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On the Trail

Stark Parks provides update on trail, greenway expansion

By DAVID HUTTON The Press-News Published: July 22, 2016 10:00 AM
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PIKE TWP.-- Stark County Park Director Bob Fonte updated area officials on the district's Trail & Greenway Master Plan during a recent Stark County Township Association meeting held at the Pike Grange.

Ultimately, the trail will link the first completed section of the Sandy Valley Trail - the Waynesburg Village Park Loop Trail / to sections that will take hikers north and south through East Canton and Louisville.

The Waynesburg Village Park Loop Trail is a short crushed limestone trail that loops around the park.

The second section is a .76 mile limestone trail from West Street to Greer Street in Waynesburg following an old railroad route. Parking is available on Maple Street,.

Fonte pointed out that the Sandy Valley Trail will eventually serve as a major southeast trail system connecting the communities of East Sparta, Magnolia, Waynesburg, Malvern and Minerva.

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According to the district, the Fry Family Park will serve as the major trailhead on the west end, the trail will head east along the Sandy Valley.

The 322-acre Fry Family Park was recently purchased by the Stark County Park District in the interest of outdoor recreation and to honor the service of the late Richard Fry, the Park District's first director, and his family.

Fry donated 25 percent of the value of the property toward the purchase.

The Fry Family Park, which is located in Pike Township, features rolling hills, hardwood forests, a pond, wetlands, and a riparian corridor. There is also a main residence and barn still located on the site.

A master plan was created for the park five years ago that calls for the conversion of the residence into a nature education center, and other features such as: a winter sports center, 4-acre fishing//canoeing pond, park shelters, and hiking and biking trails. The majority of the park will be devoted to retaining and//or restoring some of its natural features, including forest lands, wetlands and meadows.

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Via trials, this will connect to the historic Magnolia Flouring Mills in downtown Magnolia, showcasing the area's natural beauty.

The historic mill in Magnolia was purchased by the Park District in October, 2005. It includes water rights to the Sandy & Beaver Canal dam No. 6 behind the mill, and the guard lock at the connection between the Sandy & Beaver Canal and Sandy Creek and consists of approximately 13 acres.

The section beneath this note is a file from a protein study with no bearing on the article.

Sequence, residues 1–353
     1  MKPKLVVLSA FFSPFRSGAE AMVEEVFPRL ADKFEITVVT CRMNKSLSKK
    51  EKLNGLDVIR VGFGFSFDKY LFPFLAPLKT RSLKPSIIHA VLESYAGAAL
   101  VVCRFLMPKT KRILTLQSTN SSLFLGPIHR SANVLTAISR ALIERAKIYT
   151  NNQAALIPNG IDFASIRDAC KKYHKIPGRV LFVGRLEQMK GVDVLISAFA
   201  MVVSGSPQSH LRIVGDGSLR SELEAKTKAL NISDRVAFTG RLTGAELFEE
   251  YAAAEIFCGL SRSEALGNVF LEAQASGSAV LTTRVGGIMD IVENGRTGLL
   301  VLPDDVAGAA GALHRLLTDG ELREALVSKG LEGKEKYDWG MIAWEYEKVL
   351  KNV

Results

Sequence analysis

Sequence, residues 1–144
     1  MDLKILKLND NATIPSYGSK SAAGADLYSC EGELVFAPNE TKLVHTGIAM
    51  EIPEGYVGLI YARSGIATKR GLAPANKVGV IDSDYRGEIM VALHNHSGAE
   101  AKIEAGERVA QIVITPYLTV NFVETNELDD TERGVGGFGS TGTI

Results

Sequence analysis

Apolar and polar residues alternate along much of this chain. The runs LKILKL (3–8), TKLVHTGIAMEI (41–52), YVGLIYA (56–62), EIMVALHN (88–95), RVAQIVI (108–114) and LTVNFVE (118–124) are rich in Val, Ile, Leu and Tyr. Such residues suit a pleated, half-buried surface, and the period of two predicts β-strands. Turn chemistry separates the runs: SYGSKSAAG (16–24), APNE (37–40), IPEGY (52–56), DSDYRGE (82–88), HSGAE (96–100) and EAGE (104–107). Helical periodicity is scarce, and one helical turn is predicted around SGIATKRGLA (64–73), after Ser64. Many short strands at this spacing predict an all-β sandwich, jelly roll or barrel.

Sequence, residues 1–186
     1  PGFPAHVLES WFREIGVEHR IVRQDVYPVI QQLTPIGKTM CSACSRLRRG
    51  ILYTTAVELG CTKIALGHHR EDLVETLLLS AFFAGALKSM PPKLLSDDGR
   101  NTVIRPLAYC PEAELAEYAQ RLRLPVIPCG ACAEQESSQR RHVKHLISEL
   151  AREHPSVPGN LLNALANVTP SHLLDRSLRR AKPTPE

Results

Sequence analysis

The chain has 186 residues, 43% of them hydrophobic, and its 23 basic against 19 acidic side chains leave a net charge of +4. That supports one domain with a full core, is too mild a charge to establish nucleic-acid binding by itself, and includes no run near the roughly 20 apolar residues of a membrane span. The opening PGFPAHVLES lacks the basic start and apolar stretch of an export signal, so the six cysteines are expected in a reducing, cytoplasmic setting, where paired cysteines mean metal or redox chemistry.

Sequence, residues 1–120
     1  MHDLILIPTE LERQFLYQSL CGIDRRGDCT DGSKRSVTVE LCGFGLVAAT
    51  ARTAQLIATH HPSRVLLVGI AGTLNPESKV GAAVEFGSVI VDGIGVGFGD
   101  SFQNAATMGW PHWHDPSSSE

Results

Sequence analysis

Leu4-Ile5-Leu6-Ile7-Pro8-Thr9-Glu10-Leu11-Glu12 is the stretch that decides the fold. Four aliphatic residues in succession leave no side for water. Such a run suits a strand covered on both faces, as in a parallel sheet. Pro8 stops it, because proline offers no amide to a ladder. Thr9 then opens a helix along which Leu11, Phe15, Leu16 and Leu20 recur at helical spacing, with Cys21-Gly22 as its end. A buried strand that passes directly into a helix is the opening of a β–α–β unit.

Fonte also acknowledged that there currently are few trail and other options in the southeastern area of Stark County.

"This part of the county has been underserved," he said.

Fonte said park district officials have been working with Carroll County officials to complete the trail connection from Waynesburg to Minerva.

There also are plans to eventually connect the trail from Louisville to Minerva.

"We don't own that stretch," Fonte said. "It is dependent upon our ability to work with property owners to secure the land."

Fonte added that the district can be flexible in its routes.

"We live with what the conditions are," he said.

One property owner in Osnaburg Township told Fonte some property owners use the abandoned rail beds to move cattle and machinery across their properties.

Many property owners have trouble protecting their land from trespassers and believe a trail would only worsen the problem.

"We do not want to force the route where landowners don't want it," he added.

Fonte also alleviated any fears, noting that the district will not take anyone's property through eminent domain. He also noted that the district takes security seriously and its rangers patrol trails regularly.

The park district also has policing agreements with every jurisdiction in Stark County, helping to ensure safety and security along the trails.

"We want our customers to be secure," he said. "We want to be good neighbors."

Fonte also noted that the park district can be creative to work with a property owner's needs.

"We don't want to force a trail on a property that is not willing to participate," he explained, adding that the trials have had positive economic impact on the areas where they have been completed.

"The trails help make a healthier, more vibrant community," he said. "They are attractive amenities to help communities attract new residential and business development."

Ultimately, Fonte noted that the goal of the master plan is to "aid the park district in completing development in a manner that will maximize public use and support, and plan in a manner that produces a quality park system that can be sustained over time."

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